Moving into the new year, may this be a year of personal growth, evolution, and learning!
Traveling to Havana Cuba? How to Prepare:
- Do your homework- Cuba is not the easiest place to travel because they are still building the infrastructure. Book hotels, tours, and restaurants in advance and do your research on Trip Adviser or Lonely Planet. Internet is hard to come upon, so it’s not like you can easily look something up. Some of the best articles we found were:
- Print your itinerary including lodging confirmation, dinner reservations, and addresses ahead of time.
- Get Euros before the trip. If you exchange USD, there is an extra 10% fee for the exchange. Take lots of cash with you because you will not be able to pull money from ATMs or use your credit card. We also recommend you exchange your money at the airport as the banks in the city have long lines.
- Purchase a map of Havana and any other places you want to visit in advance. Mark the addresses of the places you are staying and restaurants you want to try on the map (it helps when you are navigating the city and to show taxi drivers where you want to go).
- Cubans are very friendly. Some will just want to chat while others will want to talk you into purchasing tours. Say no to purchasing tours that are not provided by the hotels or travel agencies as they are most likely a scam (we took a BS tour around old Havana when we could have easily walked it).
- Bring someone who speaks Spanish or learn to speak it yourself. Havana is not the easiest city to navigate without knowing the language.
- Don’t drink the water! Purchase bottled water.
- If you prefer not to plan your trip, definitely go with travel agency. This is not a country where you can wing it.
Most importantly, have a great time! This city is awesome!
As we move into the New Year, we start making resolutions and goals for 2017. We often set goals for our career and do not stick with them.
There are many reasons why we don’t stick with our goals. Perhaps they are not goals we want to accomplish in the first place. Or our goals are too lofty to accomplish. Or perhaps our self doubts get in our way. Perhaps one of our greatest hindrances to achieving our goals is that we don’t have anyone holding us accountable.
It is common at the executive level for CEOs, Presidents or Senior VPs to have mastermind groups, round-table discussions, or peer coaching. One of the reasons they are so successful is because they have another set of eyes on their business strategy.
Sadly, it is not as common for mid-career professionals to seek the support of their peers. Peer accountability is one of the best means to help develop strategy to forward your career, increase your performance, and achieve your goals.
Here’s are the top 3 reasons peer accountability is essential for your career success:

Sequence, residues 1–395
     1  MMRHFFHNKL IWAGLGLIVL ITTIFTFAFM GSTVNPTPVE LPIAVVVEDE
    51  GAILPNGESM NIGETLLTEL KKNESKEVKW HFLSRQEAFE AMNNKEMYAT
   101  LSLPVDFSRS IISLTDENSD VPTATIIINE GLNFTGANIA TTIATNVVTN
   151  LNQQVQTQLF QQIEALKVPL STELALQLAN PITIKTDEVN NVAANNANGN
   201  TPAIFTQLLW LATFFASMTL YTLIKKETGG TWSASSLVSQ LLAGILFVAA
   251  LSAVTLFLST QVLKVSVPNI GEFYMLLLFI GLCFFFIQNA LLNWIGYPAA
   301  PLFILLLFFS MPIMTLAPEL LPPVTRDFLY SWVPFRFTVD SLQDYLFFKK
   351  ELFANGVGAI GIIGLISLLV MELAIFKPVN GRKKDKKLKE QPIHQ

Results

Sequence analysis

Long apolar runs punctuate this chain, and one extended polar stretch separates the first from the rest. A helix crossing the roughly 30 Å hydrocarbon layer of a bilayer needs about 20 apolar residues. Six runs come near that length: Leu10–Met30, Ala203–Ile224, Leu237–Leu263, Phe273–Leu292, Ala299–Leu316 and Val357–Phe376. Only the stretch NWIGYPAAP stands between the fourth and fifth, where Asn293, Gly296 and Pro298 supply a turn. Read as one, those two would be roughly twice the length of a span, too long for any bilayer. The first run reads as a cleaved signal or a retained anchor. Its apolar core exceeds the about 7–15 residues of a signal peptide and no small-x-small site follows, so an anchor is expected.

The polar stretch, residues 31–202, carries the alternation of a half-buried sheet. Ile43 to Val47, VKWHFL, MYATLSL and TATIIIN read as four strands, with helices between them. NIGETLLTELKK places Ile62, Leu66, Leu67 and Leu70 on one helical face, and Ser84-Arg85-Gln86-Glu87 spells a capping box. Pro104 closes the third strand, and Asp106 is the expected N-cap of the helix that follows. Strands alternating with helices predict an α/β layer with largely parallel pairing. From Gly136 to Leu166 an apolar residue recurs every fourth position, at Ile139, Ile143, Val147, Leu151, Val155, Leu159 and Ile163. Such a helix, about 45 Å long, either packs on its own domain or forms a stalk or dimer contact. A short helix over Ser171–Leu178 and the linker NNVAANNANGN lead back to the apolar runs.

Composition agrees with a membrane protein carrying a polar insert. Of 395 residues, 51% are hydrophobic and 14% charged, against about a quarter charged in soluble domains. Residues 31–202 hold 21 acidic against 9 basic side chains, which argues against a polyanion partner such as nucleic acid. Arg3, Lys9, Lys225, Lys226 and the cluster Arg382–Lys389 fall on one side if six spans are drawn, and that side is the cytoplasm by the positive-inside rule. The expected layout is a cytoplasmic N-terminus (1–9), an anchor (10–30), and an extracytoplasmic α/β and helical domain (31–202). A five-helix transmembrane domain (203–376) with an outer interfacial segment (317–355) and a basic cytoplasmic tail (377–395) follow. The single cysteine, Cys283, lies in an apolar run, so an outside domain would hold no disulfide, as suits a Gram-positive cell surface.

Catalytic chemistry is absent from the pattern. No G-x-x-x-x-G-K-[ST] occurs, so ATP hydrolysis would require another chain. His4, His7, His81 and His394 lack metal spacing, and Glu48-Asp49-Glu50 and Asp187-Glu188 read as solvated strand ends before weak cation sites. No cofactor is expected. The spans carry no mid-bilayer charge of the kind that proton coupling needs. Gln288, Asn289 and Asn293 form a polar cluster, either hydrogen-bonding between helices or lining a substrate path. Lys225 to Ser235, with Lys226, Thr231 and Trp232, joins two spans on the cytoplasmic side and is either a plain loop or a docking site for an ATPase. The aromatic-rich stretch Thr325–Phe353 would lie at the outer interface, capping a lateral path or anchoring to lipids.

1. Peer Accountability allows you to look at your goals from all angles: When we set goals we often do not see all sides of the situation. Having peer accountability helps bring perspective to your situation and carefully evaluate all aspects of your goals – from the sincerity, to the strategy, to the execution of your goals.
2. Accountability helps ensure you have an effective strategy: Once you have a stronger perspective, you are better positioned to form concrete strategies. Peer accountability allows you to build measurable goals and to identify specific benchmarks with a team to help you work out any roadblocks that could get in your way.
3. Accountability helps you stay engaged: Sharing your goals helps affirm and stick with your commitment. Moreover, it’s fun to celebrate your successes and wins with those who have been along the journey with you.
That is why I suggest that coming into the New Year, you do one of several suggestions in committing to yourself and career goals:
1) Set goals and hold yourself accountable: If you are going to set goals for this New Year, hold yourself to it. Do not allow yourself to not move forward and make your failed goal more proof that you’re not good enough or deserving. No more self-fulling prophesies of failure! It is better to set no goals then to set them and not pursue them.
2) Get an accountability partner and meet with them regularly: Make sure this is someone who is committed to themselves and to you. When you set meetings, stick with them. I recommend that you call to check in once a week and meet in person once a month. Set a format to your meetings and stick with it.
3) Join a peer accountability group: I’m hosting a monthly Peer Strategy Group on Feb 7th, March 7th, April 4th, May 2nd, August 8th, Sept. 12th, Oct. 10th, and Nov. 14th from 6-8 PM MST. You can join us in-person at my office off Colorado and I-25 or virtually using Zoom.
This group is designed to provide a safe space to receive insights and honest feedback about your career goals, to brainstorm solutions to problems in the workplace, and to build relationships. You will also connect with an accountability partner to support you in between meetings.
I will also be having top coaches in their field present on their area of expertise during each meeting. Topics include networking coaching, resume writing, financial coaching, and effective communication in the workplace.
To learn more or register, please email me: firstname.lastname@example.org.